Fluoropyrimidine-associated Cardiotoxicity: Revisited

Expert Opin Drug Saf. 2009 Mar;8(2):191-202. doi: 10.1517/14740330902733961.


Background: The syndrome of 5-fluorouracil (5-FU)-associated cardiotoxicity remains poorly defined.

Patients and methods: We performed a literature review (1969 - 2007) and compiled data derived from 377 evaluable cases out of 448 reported cases.

Results: Patient age ranged from 14 to 86 years. Of the patients 65% were 55 years old and the male:female ratio was 1.5:1. The most commonly treated tumors were gastrointestinal (60%), head and neck (22%) and breast (4%). Of the patients 14% had a history of heart disease whereas cardiac risk factors were found in 37%. Mode of administration included: continuous infusion (72%); bolus (22.5%); intermediate infusion (3%); oral (2%); and intraperitoneal (1 patient). The dosages of 5-FU used were < 750 mg/m(2)/day (36%), 751 - 999 (16%), 1,000 (26%), 1,001 - 1,499 (4%) and 1,500 (16%). Of the patients 54% received 5-FU in combination with other chemotherapeutic agents (cisplatin 44%) whereas 51% received 5-FU alone or with leucovorin. Only 4% patients had undergone previous or concomitant radiation therapy to the mediastinum. Of cardiac incidents that happened 69% were seen during or within 72 h of the first cycle of 5-FU. Angina occurred in 45% of patients whereas myocardial infarction was seen in 22%, arrhythmias in 23, acute pulmonary edema in 5, cardiac arrest and pericarditis in 1.4 and heart failure in 2. Electro-cardiographic evidence of ischemia or ST-T changes were recorded in 69% of patients, but abnormal cardiac enzymes were found in only 12%. The cardiac symptoms were reproducible in 47%, including in one patient subsequently treated with 5-FU p.o. Symptoms were also elicited when the same patients were treated with lower doses or different schedules. Of the patients 68% responded to conservative anti-anginal therapy, although prophylactic coronary vasodilators had limited efficacy. Overall, 8% of patients showing cardiotoxicity on 5-FU administration died. Furthermore, 13% reexposed to 5-FU died.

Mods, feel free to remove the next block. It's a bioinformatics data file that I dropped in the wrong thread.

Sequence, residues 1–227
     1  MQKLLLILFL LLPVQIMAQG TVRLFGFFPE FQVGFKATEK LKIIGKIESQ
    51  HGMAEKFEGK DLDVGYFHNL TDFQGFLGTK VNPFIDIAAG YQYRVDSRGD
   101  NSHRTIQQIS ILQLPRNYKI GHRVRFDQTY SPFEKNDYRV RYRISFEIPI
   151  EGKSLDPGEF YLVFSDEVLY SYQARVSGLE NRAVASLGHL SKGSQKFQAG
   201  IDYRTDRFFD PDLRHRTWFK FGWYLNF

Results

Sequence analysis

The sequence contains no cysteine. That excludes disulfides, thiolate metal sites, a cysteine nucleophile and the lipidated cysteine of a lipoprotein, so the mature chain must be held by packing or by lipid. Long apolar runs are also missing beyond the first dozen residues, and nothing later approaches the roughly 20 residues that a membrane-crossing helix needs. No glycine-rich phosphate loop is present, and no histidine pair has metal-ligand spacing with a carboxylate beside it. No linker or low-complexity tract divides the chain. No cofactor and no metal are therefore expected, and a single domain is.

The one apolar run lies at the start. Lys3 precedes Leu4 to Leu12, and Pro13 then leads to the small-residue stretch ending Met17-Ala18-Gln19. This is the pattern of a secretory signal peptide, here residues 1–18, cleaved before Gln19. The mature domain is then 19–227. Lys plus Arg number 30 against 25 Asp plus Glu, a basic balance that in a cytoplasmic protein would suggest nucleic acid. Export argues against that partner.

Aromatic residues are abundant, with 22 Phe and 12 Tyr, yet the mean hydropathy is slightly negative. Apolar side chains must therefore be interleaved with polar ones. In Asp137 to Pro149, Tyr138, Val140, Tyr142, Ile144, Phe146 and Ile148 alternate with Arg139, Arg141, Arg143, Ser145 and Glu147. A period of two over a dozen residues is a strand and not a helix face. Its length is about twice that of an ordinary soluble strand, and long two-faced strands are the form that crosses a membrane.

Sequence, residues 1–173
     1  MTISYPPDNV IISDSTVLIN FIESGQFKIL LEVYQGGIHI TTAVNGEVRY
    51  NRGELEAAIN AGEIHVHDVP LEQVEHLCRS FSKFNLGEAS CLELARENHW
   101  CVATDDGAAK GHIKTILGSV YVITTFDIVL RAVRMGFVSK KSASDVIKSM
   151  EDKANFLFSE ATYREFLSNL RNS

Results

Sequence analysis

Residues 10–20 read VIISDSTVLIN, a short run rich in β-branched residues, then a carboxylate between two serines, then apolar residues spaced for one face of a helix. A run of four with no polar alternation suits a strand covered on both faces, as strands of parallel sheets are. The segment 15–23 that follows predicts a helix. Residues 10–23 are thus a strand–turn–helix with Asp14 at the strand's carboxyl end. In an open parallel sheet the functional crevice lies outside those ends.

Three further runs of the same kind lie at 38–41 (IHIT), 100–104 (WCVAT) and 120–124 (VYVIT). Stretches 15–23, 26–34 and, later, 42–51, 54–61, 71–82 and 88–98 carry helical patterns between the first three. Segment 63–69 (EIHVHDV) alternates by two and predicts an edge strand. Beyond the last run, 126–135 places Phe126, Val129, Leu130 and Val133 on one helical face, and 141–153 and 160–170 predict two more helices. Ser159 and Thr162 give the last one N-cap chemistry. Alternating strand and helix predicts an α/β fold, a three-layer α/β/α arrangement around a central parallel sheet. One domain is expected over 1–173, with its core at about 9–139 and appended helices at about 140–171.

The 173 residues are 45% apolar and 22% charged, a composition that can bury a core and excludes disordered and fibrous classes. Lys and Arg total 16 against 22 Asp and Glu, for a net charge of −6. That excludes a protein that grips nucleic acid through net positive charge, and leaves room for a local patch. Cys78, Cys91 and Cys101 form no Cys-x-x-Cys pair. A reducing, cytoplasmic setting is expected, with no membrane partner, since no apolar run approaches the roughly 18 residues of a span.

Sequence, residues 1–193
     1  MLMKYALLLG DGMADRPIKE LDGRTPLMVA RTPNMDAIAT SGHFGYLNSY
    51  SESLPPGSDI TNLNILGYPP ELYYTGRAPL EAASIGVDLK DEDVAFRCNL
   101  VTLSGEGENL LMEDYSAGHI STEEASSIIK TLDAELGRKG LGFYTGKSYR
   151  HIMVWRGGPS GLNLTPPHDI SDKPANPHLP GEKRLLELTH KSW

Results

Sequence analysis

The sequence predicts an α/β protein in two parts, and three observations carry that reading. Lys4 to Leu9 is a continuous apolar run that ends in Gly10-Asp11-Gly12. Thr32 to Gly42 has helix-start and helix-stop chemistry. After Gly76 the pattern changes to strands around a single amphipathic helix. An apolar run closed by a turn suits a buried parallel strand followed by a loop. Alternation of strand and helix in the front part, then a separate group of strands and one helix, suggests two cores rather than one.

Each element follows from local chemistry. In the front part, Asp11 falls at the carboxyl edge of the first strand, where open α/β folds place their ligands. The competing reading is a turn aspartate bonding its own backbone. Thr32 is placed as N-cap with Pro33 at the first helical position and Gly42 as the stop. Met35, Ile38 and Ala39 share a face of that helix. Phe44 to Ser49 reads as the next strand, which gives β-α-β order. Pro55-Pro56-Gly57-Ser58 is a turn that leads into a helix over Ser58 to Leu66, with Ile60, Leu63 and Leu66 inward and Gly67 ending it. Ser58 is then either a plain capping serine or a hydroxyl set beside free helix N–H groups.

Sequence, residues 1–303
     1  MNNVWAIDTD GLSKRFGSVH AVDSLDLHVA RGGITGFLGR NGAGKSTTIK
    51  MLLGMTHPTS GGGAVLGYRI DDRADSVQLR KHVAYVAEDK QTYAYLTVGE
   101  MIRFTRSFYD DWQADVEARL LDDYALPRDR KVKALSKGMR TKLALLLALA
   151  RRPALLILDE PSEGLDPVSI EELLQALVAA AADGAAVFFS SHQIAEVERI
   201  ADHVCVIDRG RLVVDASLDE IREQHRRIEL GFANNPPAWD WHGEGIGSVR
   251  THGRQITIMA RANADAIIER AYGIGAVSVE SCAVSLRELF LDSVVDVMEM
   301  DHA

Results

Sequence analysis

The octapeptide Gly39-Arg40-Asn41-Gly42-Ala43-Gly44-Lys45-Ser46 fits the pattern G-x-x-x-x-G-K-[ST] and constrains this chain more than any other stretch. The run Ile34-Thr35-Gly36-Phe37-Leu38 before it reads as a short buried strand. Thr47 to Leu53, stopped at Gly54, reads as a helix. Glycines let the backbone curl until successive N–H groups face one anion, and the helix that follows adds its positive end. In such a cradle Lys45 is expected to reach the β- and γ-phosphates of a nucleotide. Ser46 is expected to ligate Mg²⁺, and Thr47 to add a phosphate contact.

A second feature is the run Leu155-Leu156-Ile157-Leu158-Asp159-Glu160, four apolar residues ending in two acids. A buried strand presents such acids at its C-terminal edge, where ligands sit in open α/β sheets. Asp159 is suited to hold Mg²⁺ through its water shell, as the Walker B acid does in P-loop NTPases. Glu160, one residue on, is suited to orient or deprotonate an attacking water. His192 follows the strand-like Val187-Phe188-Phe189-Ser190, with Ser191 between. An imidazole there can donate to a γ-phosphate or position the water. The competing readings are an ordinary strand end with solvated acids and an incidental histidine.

Conclusions: Our review suggests that 5-FU cardiotoxicity is an infrequent but real phenomenon that is independent of dose and may be related to a continuous infusion schedule. The presence of cardiac risk factors is not predictive. Patients should be observed closely and 5-FU administration discontinued if cardiac symptoms develop. A rechallenge with 5-FU should be reserved only for those patients in whom there is no reasonable alternative therapy and should be performed in the setting of aggressive prophylaxis and close monitoring.

Publication types

  • Review

MeSH terms

  • Antimetabolites, Antineoplastic / administration & dosage
  • Antimetabolites, Antineoplastic / adverse effects*
  • Antimetabolites, Antineoplastic / therapeutic use
  • Antineoplastic Combined Chemotherapy Protocols / administration & dosage
  • Antineoplastic Combined Chemotherapy Protocols / adverse effects
  • Antineoplastic Combined Chemotherapy Protocols / therapeutic use
  • Calcium Channel Blockers / therapeutic use
  • Cisplatin / administration & dosage
  • Cisplatin / therapeutic use
  • Dose-Response Relationship, Drug
  • Drug Administration Routes
  • Drug Administration Schedule
  • Fluorouracil / administration & dosage
  • Fluorouracil / adverse effects*
  • Fluorouracil / therapeutic use
  • Heart Diseases / chemically induced*
  • Heart Diseases / drug therapy
  • Humans
  • Leucovorin / administration & dosage
  • Leucovorin / therapeutic use
  • Neoplasms / drug therapy
  • Risk Factors
  • Vasodilator Agents / therapeutic use


  • Antimetabolites, Antineoplastic
  • Calcium Channel Blockers
  • Vasodilator Agents
  • Cisplatin
  • Leucovorin
  • Fluorouracil